What must direct experience entail if it is to lead to objective knowledge of the world around us? For the Buddha, it is the method of deep meditation that directly leads to knowledge as he explains in the Mahasaccaka Sutta: “When my mind was thus concentrated, purified, bright, unblemished, rid of imperfection, malleable, wieldy, steady, and attained to imperturbability, I directed it to knowledge of the destruction of the taints. I directly knew as it actually is: ‘This is suffering. This is the origin of suffering. This is the cessation of suffering. This is the way leading to the cessation of suffering.’”4 These words show that it is indeed the Buddha’s direct experience that was behind his discovery of the Four Noble Truths (Cattari Ariyasaccani).

If replication is a test of objectivity, it is necessary for knowledge obtained through such deep meditation to be obtainable by others employing the same method of deep meditation. How is that really possible? How can we verify that knowledge obtained by one practitioner is the same as that obtained by another practitioner?

As long as direct experience remains personal and subjective, the question of verifiability presents an intellectual dilemma. Even materialists, who claim that the mind does not exist as a separate entity from the brain, would find it difficult to ascertain which specific configuration of neurons in the brain is involved in a specific type of mental activity that leads to knowledge of a specific aspect of reality. Functionalists appear to have a better shot at resolving this dilemma in the sense that the mind, to them, is the software as opposed to the hardware, which is the brain. What is important, in their view, is the program that specifies the way the hardware functions. Different computers will yield the same outcome—the same solution to a given set of equations, for example—to the extent that the same program is employed. Does this mean that a specific sequence of guidelines suggested for meditation is like a specific computer program that can be followed by different practitioners to get to the same knowledge of the world around us and, eventually, to the Dhamma, the “ultimate truth”, which the Buddha characterizes in the Ariyapariyesana Sutta as “profound, hard to see and hard to understand”5?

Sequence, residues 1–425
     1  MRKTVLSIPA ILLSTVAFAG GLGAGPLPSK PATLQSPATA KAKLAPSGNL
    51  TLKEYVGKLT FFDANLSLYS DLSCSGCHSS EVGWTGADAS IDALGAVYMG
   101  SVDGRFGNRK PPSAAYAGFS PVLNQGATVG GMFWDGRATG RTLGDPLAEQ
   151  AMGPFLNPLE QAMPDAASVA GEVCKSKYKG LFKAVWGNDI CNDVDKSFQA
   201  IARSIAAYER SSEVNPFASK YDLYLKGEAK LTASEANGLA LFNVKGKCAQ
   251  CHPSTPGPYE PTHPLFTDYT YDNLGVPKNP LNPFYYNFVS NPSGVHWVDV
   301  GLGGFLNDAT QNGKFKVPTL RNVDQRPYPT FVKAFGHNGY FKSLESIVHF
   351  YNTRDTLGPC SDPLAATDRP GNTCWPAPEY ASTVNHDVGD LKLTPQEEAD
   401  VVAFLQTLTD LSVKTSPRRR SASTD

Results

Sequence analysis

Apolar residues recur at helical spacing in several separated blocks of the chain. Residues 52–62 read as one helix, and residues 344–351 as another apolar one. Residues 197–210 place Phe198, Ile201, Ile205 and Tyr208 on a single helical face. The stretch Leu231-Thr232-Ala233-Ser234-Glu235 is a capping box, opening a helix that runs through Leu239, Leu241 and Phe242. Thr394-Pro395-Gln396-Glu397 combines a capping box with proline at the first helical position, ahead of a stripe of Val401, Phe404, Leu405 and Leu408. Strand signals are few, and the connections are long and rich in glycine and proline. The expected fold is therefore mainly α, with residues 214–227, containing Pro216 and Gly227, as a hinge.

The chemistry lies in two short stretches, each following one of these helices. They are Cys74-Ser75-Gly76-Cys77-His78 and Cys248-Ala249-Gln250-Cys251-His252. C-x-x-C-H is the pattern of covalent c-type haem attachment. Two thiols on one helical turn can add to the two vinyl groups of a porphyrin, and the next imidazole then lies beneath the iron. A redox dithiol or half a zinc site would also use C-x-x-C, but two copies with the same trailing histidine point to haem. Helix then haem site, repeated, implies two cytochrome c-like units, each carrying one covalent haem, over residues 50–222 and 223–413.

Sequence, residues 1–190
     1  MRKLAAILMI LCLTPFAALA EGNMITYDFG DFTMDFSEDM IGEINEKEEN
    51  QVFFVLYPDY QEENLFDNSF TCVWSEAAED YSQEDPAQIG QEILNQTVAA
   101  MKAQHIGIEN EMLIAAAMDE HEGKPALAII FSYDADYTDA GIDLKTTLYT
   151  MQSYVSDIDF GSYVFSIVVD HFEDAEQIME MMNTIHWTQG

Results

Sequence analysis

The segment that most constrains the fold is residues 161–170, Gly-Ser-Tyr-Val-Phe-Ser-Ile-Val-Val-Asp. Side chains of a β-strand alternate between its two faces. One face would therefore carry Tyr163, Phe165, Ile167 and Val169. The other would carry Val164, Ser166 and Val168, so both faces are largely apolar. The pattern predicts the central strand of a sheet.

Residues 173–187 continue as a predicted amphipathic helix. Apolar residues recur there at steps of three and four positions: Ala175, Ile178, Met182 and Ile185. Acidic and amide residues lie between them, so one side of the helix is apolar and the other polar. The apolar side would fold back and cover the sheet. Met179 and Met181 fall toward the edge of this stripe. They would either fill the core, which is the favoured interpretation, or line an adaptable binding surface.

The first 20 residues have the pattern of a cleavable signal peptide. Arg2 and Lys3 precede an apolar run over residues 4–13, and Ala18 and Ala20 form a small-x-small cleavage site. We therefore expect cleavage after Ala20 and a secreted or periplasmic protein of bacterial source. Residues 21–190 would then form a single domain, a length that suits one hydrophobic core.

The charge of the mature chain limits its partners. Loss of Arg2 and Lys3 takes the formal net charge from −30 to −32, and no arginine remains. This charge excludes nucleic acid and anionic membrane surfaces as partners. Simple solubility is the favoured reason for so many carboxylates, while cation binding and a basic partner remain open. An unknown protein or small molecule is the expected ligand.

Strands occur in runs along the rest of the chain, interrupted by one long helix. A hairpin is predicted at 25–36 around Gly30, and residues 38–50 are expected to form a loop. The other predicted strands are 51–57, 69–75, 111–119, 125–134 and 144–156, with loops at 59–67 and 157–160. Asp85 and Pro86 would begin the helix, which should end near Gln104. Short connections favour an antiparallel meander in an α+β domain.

At least two insights from modern science lead us to believe that the mind is potentially capable of arriving at the Dhamma. One insight comes from evolutionary theory, which suggests that the mind, like all the other things in the universe, is a product of evolution. As such, we expect the mind, as a composite entity, to not only embody but also reflect all the conditions and factors that have gone into generating it. The other insight comes from quantum mechanics, which points to an intimate connection that exists between the world around us and the mind of the observer who studies the physical processes in that world, as implied by the “uncertainty principle” formulated by Werner Heisenberg (1901-1976). These insights combined point to the idea that the evolution of the universe, or cosmic evolution, is not just a physical process but a mental process as well, in which all entities, factors, and things in the universe, including ourselves, are intimately interconnected and interdependent. This is nothing but the Buddha’s idea of paticca-samuppada, which is usually translated as “dependent origination” in English.

As we are intimately interconnected and interdependent with all entities, factors, and things in the universe, we can never be detached and neutral observers of events and phenomena in the context of cosmic evolution. We can consciously participate in that evolution, and that is where direct experience comes in. In fact, engaging in meditation is one form of conscious participation in cosmic evolution, though physically our body is at rest. The Noble Eightfold Path (Ariya Atthangika Magga), as a composite of both mental and physical activities, suggests yet another form of conscious participation. Indeed, as recorded in the Samyutta Nikaya, the Buddha recounts his experience before reaching enlightenment as follows: “I followed that path (the Noble Eightfold Path) and by doing so I have directly known aging-and-death, its origin, its cessation, and the way leading to its cessation. I have directly known birth … existence … clinging … craving … feeling … contact … the six sense bases … name-and-form … consciousness … volitional formations, their origin, their cessation, and the way leading to their cessation.”6 The Buddha asks us to question even his authority, telling us that “an inquirer, not knowing another’s mind, should make an investigation of the Tathagata in order to find out whether or not he is perfectly enlightened.”7 However, we, as practitioners, need to be supported by a faith that one day, we will be able to duplicate his direct experience of enlightenment ourselves, and that by consciously participating in the cosmic process unfolding around us, that big “Aha!” moment called “awakening” will also come to us.